Social networks spark Occupy Vancouver buzz
Erika Thorkelson, a 31-year-old ESL teacher living in Vancouver, was one of the 4,000 people who gathered in the city…
Erika Thorkelson, a 31-year-old ESL teacher living in Vancouver, was one of the 4,000 people who gathered in the city earlier this month to lend their voices to the Occupy movement.
A Facebook conversation with a friend in Ireland encouraged her to show up to join the people gathered around the Vancouver Art Gallery on October 15.
Her friend was involved in Occupy Dame Street, an Occupy Wall Street support movement in Dublin.
“I like to read other peoples’ streams to find out what’s going on in the world” she said of Facebook.
Erika was one of many spurred to action by the messages they read and shared on social media.
Occupy Vancouver organizers planned for two weeks using Facebook and Twitter before meeting in person.
Experts say this kind of global coordination was only recently made possible through the use of social media tools.
Occupy Wall Street had been planned for months online using social media tools, and groups around the world used social media to plan support demonstrations.
Hash tag #OccupyVancouver
Many at the protest on Saturday said they’d heard about the event online. They followed Occupy Wall Street using social media sources and turned to those sources for information on Occupy Vancouver.[pullquote]You used to have to go out and find information about things, now when people post, it’s there for you to see.[/pullquote]Twitter users keep an eye on events using the has tag #OccupyVancouver and can receive updates from organizers by following @OccupyVancouver, which has 3,651 followers subscribing to their messages.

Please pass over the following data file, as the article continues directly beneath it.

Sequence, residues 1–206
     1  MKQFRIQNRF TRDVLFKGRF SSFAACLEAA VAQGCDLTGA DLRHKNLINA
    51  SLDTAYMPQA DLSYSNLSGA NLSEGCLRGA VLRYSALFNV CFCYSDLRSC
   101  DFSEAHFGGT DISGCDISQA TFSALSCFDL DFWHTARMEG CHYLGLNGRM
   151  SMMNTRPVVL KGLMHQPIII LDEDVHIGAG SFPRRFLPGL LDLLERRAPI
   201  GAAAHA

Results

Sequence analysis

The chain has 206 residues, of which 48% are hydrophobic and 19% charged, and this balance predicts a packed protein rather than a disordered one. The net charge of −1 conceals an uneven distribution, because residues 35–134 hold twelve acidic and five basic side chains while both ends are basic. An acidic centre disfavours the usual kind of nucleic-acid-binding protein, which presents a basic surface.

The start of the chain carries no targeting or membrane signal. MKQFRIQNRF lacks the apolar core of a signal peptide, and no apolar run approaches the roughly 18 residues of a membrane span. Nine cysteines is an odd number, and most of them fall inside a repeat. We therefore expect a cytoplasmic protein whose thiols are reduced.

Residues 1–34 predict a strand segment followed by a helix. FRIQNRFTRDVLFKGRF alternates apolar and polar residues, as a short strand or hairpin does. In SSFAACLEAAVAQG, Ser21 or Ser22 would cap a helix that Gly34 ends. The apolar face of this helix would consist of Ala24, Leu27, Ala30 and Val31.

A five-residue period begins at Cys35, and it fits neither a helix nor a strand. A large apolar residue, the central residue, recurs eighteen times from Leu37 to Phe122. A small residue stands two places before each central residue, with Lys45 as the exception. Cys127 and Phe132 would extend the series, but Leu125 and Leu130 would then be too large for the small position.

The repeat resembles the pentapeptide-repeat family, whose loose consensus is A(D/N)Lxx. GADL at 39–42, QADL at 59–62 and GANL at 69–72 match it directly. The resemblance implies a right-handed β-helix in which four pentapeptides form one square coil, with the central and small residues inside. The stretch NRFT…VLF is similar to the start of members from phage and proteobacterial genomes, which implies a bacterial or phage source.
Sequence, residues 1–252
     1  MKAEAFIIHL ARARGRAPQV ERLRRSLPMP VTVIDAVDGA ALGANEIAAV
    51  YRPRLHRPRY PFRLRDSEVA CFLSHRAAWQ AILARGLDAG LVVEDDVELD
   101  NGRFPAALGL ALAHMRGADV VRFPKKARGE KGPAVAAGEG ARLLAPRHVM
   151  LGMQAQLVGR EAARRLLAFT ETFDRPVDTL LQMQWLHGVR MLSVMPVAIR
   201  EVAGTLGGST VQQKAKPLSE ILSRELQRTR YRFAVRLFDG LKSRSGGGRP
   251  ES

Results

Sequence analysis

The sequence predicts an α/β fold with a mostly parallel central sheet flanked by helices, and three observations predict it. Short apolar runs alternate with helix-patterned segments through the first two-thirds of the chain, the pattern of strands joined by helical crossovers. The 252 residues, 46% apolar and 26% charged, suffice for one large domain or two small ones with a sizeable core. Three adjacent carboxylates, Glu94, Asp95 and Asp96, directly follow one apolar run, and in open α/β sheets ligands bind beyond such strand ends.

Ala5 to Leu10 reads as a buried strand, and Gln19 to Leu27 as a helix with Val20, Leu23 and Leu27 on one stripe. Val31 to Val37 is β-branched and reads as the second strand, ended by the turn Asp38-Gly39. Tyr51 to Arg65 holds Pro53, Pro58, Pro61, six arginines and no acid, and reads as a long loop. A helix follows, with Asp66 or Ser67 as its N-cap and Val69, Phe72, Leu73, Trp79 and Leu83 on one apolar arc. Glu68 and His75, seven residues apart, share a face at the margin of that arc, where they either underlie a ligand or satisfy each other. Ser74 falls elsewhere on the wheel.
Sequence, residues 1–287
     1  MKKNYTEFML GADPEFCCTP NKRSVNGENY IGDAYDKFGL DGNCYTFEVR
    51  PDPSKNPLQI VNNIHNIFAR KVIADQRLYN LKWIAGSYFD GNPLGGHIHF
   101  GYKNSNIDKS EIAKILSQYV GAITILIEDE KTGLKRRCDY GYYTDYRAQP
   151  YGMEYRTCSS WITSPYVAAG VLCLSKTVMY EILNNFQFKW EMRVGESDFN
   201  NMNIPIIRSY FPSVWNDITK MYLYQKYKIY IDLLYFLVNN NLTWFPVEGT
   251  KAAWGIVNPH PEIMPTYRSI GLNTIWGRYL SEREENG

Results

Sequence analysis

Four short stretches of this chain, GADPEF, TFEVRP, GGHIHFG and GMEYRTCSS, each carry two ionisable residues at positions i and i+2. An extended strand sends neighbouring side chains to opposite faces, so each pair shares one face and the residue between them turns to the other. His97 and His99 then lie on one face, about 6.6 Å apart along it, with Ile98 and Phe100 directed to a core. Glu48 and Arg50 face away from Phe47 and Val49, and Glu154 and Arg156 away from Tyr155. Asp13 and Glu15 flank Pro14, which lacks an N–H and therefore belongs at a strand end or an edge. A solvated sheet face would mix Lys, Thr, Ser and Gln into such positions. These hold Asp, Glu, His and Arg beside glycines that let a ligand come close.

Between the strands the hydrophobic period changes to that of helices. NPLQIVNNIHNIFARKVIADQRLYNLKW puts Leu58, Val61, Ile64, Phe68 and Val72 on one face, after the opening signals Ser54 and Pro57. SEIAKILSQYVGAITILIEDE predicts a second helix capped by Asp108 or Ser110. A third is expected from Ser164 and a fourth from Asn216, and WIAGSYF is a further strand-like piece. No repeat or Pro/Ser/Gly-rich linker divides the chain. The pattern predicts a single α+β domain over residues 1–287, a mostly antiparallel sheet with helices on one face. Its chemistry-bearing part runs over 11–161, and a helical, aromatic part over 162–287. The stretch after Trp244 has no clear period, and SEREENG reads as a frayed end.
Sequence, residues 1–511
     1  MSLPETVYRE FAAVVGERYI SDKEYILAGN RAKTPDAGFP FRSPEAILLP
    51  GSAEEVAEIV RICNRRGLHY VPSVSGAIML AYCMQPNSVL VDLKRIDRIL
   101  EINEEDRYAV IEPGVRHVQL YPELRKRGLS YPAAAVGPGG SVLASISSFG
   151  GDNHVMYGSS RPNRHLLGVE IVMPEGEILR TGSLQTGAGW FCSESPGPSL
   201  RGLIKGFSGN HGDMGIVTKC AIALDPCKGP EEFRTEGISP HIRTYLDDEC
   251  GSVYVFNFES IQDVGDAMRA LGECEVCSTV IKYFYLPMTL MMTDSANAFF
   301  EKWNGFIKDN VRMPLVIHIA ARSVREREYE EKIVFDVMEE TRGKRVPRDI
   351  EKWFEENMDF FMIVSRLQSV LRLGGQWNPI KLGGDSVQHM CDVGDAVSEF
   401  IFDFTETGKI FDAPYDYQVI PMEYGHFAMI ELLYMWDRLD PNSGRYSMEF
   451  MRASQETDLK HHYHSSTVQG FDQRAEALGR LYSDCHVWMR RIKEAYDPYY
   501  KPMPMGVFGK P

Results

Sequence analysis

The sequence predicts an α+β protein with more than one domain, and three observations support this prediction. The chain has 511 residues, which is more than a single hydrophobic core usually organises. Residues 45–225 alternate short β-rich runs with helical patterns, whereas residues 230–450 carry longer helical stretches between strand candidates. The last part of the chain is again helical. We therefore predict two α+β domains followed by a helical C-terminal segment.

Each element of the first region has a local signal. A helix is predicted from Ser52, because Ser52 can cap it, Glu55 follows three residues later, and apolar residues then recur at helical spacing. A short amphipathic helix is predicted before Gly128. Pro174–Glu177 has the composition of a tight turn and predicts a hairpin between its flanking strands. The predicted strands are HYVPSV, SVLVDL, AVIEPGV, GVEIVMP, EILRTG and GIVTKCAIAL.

For demonstrators, like 22-year-old Sonya William, the Occupy movement’s presence on the streets and online are inseparable.
“You know it as the Occupy Wall Street hash tag, and not on its own,” she said.
Organizers also turned to Facebook to help plan the events. The group “Occupy Vancouver” has 3,166.
Justine Turner and her friends were among those at the rally. She said social media was “hugely” important for spreading information about the movement.
“You used to have to go out and find information about things, now when people post, it’s there for you to see. You can just glance at it, or you can choose to investigate further.”
She said she often hears feedback from friends on Facebook thanking her for sharing stories they had no other exposure to.
Social media connects movement globally
Twitter and Facebook push your posts and messages into the news feeds of those you are networked with. The posts then get shared again to those networked with the viewer.
This sharing happens instantly and increases the viewership of each post exponentially.
Twitter users hash tag messages grouping them together to be read as a discussion. All new messages sent by anyone using the hash tag will be added to the discussion automatically.
Media scholar and UBC professor of Journalism Taylor Owen pointed to the importance of social media for creating and connecting a geographically scattered movement.
“Until recently a movement with so many nodes wouldn’t have been effective. Social media allowed these nodes to work as a collective,” he said.
Social media’s use in social movements came into the news this year as protesters in the Arab world used sites like Twitter to discuss and organize demonstrations.
In places where dissenting discussion is not possible in public, organizing using social media may be the only choice. In Vancouver social media allowed planners to act fast and keep thousands up to date with movement news.
[…] my recent article for TheThunderbird.ca I struggled with how to explain what the use of social media has meant for […]